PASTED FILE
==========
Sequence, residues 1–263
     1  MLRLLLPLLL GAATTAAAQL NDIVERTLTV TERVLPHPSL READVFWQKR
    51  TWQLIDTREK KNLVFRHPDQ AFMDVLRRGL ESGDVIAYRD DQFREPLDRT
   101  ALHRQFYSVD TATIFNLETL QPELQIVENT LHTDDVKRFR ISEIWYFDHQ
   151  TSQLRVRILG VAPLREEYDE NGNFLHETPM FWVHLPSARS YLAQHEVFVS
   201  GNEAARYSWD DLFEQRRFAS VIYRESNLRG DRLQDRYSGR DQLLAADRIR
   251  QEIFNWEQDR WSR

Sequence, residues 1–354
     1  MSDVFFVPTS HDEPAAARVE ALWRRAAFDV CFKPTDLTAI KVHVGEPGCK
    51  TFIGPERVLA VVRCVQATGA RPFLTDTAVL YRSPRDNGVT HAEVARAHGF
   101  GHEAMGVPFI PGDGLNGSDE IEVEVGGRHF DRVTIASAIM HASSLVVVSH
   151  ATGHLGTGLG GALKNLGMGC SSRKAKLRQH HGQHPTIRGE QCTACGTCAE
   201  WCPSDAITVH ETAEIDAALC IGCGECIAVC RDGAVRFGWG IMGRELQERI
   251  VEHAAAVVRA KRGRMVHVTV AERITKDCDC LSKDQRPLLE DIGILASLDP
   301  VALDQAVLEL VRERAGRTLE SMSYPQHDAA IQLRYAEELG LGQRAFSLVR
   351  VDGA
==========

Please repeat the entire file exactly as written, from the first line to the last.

Sequence, residues 1–263
     1  MLRLLLPLLL GAATTAAAQL NDIVERTLTV TERVLPHPSL READVFWQKR
    51  TWQLIDTREK KNLVFRHPDQ AFMDVLRRGL ESGDVIAYRD DQFREPLDRT
   101  ALHRQFYSVD TATIFNLETL QPELQIVENT LHTDDVKRFR ISEIWYFDHQ
   151  TSQLRVRILG VAPLREEYDE NGNFLHETPM FWVHLPSARS YLAQHEVFVS
   201  GNEAARYSWD DLFEQRRFAS VIYRESNLRG DRLQDRYSGR DQLLAADRIR
   251  QEIFNWEQDR WSR

Sequence, residues 1–354
     1  MSDVFFVPTS HDEPAAARVE ALWRRAAFDV CFKPTDLTAI KVHVGEPGCK
    51  TFIGPERVLA VVRCVQATGA RPFLTDTAVL YRSPRDNGVT HAEVARAHGF
   101  GHEAMGVPFI PGDGLNGSDE IEVEVGGRHF DRVTIASAIM HASSLVVVSH
   151  ATGHLGTGLG GALKNLGMGC SSRKAKLRQH HGQHPTIRGE QCTACGTCAE
   201  WCPSDAITVH ETAEIDAALC IGCGECIAVC RDGAVRFGWG IMGRELQERI
   251  VEHAAAVVRA KRGRMVHVTV AERITKDCDC LSKDQRPLLE DIGILASLDP
   301  VALDQAVLEL VRERAGRTLE SMSYPQHDAA IQLRYAEELG LGQRAFSLVR
   351  VDGA